Examining the significance of high-level programming features in source code author classification

Frantzeskou, G
MacDonell, S
Stamatatos, E
Gritzalis, S
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Journal Article
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The use of Source Code Author Profiles (SCAP) represents a new, highly accurate approach to source code authorship identification that is, unlike previous methods, language independent. While accuracy is clearly a crucial requirement of any author identification method, in cases of litigation regarding authorship, plagiarism, and so on, there is also a need to know why it is claimed that a piece of code is written by a particular author. What is it about that piece of code that suggests a particular author? What features in the code make one author more likely than another? In this study, we describe a means of identifying the high-level features that contribute to source code authorship identification using as a tool the SCAP method. A variety of features are considered for Java and Common Lisp and the importance of each feature in determining authorship is measured through a sequence of experiments in which we remove one feature at a time. The results show that, for these programs, comments, layout features and package-related naming influence classification accuracy whereas user-defined naming, an obvious programmer related feature, does not appear to influence accuracy. A comparison is also made between the relative feature contributions in programs written in the two languages.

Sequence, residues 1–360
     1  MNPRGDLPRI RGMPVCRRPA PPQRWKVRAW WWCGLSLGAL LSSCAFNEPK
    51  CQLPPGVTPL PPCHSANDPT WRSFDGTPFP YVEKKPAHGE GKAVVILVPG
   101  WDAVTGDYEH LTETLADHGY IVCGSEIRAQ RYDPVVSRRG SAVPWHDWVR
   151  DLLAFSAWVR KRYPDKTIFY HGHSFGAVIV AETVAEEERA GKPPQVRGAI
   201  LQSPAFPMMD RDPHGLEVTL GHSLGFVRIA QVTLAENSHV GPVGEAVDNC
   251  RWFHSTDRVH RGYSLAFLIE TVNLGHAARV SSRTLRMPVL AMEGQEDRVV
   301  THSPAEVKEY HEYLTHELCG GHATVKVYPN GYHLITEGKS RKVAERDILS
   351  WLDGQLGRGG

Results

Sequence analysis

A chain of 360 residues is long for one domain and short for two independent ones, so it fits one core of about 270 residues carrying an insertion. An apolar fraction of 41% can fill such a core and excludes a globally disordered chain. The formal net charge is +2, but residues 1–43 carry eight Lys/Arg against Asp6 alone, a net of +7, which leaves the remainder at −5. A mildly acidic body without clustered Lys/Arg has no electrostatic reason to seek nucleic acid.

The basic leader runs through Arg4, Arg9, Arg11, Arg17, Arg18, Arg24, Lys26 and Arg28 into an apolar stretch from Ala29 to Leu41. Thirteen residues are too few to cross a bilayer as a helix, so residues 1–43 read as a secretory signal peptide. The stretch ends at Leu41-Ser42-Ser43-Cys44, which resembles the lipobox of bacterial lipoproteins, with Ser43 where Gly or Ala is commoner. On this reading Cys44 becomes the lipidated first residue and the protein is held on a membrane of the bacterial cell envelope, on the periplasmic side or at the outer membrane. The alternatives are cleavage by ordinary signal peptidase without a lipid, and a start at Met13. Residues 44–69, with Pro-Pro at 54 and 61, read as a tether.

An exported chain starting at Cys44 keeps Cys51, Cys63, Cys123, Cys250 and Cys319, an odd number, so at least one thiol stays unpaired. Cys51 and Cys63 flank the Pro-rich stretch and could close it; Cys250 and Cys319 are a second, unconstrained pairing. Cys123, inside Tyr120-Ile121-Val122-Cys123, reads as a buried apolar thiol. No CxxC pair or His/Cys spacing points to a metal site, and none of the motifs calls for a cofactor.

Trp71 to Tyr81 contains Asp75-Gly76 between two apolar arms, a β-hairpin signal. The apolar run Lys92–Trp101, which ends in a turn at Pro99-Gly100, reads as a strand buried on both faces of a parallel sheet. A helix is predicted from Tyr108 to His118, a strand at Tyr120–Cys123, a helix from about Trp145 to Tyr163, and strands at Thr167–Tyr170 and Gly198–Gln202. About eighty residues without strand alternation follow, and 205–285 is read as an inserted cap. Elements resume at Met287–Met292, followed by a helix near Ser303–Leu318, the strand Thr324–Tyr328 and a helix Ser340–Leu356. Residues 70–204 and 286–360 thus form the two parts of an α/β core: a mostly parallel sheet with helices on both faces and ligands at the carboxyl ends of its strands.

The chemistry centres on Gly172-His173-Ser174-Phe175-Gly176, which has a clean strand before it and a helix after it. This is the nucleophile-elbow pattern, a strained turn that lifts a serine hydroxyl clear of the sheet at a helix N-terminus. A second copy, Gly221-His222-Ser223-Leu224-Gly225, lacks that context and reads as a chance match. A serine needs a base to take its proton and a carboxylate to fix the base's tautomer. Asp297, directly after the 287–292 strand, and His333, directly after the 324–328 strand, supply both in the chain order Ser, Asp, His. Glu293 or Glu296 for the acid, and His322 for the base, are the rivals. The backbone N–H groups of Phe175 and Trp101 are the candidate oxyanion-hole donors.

Authorship , Source code , Program features , Fraud , Computer , Style
Journal of Systems and Software, vol.81(3), pp.447 - 460
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Copyright © 2008 Elsevier Ltd. All rights reserved. This is the author’s version of a work that was accepted for publication in (see Citation). Changes resulting from the publishing process, such as peer review, editing, corrections, structural formatting, and other quality control mechanisms may not be reflected in this document. Changes may have been made to this work since it was submitted for publication. The definitive version was published in (see Citation). The original publication is available at (see Publisher's Version)